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Should You ‘Like’ Your Adult Kids?

A Parent’s Guide to Posting on Millennials’ Social Media Pages

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Understanding millennial social media norms will help them "like" you.

Two 20-something brothers share an apartment in hipster Brooklyn, N.Y., and often post selfies on Facebook and Instagram of Sunday brunches with friends. It never fails that the first "like" – "Way to go boys! – is always from Aunt Sally. "It drives them nuts that she comments immediately," their mom says. Apparently, Aunt Sally doesn't know the unspoken rule of social media: Adults can see but not be heard.

Through Facebook and Instagram we enjoy a front-row seat at our children's daily dramas, from teenage grandchildren to millennial parents. Without social media we probably wouldn't know half of what goes on in their lives. Yet sometimes we feel like aliens lurking in an alternate universe, unaware of the rules of engagement.

In her practice, therapist Linda Herman hears complaints from young people about what they perceive as social media missteps by parents, including commenting too often, friending their friends and posting personal information. And some young parents are driven crazy by parents' posting photos of the grandchildren without permission. "Parents want to determine what goes online," says Herman, who's based in Kent, Wash., and the author of Parents to the End.

"In essence, when we are included as a Facebook friend to our children, we have been invited into their world," she says. "We wouldn't go to their homes and dominate a conversation, nor share very personal information in the presence of others."

The best way to handle what to post and what not to post, she suggests, is to have an offline conversation with your children about their preferences on what and how much you can share, both digitally and chatting with friends and family. That even includes things like congratulations on a promotion or comments about your child's travels.

Harvard law student Jennie Shulkin, whose mom and three grandparents are among her Facebook friends, offers some additional guidelines for navigating this digital minefield:

  • Remember that posts are public. Your children and their friends see your comments and likes. Stop to think before posting, especially if comments are political or personal. Some parents think their child is the only one who sees their messages. "It can cause embarrassment."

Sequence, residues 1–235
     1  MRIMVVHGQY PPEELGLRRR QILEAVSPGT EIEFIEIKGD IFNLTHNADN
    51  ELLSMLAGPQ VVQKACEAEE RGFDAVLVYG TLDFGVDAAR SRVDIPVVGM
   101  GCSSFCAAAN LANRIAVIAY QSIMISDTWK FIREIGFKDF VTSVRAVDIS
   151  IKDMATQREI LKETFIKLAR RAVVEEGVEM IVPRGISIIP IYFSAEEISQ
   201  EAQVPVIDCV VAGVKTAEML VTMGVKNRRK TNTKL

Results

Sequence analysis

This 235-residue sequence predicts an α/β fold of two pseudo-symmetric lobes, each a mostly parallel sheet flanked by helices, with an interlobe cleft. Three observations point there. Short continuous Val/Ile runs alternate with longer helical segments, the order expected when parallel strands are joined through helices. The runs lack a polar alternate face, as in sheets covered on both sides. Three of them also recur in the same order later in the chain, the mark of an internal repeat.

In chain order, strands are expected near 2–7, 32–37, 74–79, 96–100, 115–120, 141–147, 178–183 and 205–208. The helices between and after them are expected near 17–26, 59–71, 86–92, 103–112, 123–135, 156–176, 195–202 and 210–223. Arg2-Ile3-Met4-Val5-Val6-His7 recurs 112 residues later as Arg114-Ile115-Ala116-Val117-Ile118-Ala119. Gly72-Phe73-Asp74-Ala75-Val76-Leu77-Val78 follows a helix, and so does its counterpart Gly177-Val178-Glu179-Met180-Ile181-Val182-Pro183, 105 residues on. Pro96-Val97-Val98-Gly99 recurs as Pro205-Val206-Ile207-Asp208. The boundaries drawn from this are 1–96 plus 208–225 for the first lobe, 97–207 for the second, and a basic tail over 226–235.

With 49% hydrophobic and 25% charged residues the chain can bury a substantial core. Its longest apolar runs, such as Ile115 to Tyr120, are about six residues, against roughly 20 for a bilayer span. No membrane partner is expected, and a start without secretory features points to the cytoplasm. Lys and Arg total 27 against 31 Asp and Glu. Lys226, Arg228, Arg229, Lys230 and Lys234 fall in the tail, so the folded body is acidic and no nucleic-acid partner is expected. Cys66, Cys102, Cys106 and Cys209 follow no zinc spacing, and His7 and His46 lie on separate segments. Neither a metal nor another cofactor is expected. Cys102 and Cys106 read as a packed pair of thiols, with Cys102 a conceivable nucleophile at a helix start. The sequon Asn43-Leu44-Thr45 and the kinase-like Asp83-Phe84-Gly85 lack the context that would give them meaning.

• Observe, but don't discuss. Some of our children and grandchildren prefer that we don't comment extensively online or bring up personal posts in conversation. "There's a bit of a blurry line where parents and grandparents know about our lives by sitting home on their computers. But if they bring it up in person before we do, it feels uncomfortable."
  • Telephone if a post upsets your child. Pick up the phone and call rather than ask online, "What's the matter?"
  • Limit your likes. Most of all: Don't be a "pioneer," the first to like a post or photo. It often discourages friends from making comments. However, if you are way down among other comments, friends tend not to notice.
  • No comment may be the best comment. Sometimes a millennial will post a party or romantic photo and then feel uncomfortable when a relative comments, "Wild party!" In those cases, "Ask yourself whether you'd be comfortable talking about this in person. If not, then ignore it and even in person pretend you didn't see it."
  • Celebrate the positive. Lots of times adult children do welcome a shout-out or a flashback photo. "My mom always asks first, but it's nice when she shares memories of me so my friends can see it, too."

Mary W. Quigley, a journalist and author, has written two books about motherhood and work. A New York University journalism professor, she is the mother of three adult children and blogs at Mothemothering21.com

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